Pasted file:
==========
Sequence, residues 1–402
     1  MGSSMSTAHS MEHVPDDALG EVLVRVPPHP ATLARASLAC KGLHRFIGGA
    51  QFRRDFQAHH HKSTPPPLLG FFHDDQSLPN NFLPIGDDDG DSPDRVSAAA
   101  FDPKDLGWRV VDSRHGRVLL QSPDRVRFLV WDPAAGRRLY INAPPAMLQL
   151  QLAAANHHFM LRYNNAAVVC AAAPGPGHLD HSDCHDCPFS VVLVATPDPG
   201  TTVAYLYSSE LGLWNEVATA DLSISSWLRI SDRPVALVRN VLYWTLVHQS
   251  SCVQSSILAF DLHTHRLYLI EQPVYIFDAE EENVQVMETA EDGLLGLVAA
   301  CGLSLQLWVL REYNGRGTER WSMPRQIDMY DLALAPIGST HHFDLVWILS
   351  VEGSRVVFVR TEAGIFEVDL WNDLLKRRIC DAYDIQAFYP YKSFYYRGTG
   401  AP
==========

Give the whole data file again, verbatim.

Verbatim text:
Sequence, residues 1–402
     1  MGSSMSTAHS MEHVPDDALG EVLVRVPPHP ATLARASLAC KGLHRFIGGA
    51  QFRRDFQAHH HKSTPPPLLG FFHDDQSLPN NFLPIGDDDG DSPDRVSAAA
   101  FDPKDLGWRV VDSRHGRVLL QSPDRVRFLV WDPAAGRRLY INAPPAMLQL
   151  QLAAANHHFM LRYNNAAVVC AAAPGPGHLD HSDCHDCPFS VVLVATPDPG
   201  TTVAYLYSSE LGLWNEVATA DLSISSWLRI SDRPVALVRN VLYWTLVHQS
   251  SCVQSSILAF DLHTHRLYLI EQPVYIFDAE EENVQVMETA EDGLLGLVAA
   301  CGLSLQLWVL REYNGRGTER WSMPRQIDMY DLALAPIGST HHFDLVWILS
   351  VEGSRVVFVR TEAGIFEVDL WNDLLKRRIC DAYDIQAFYP YKSFYYRGTG
   401  AP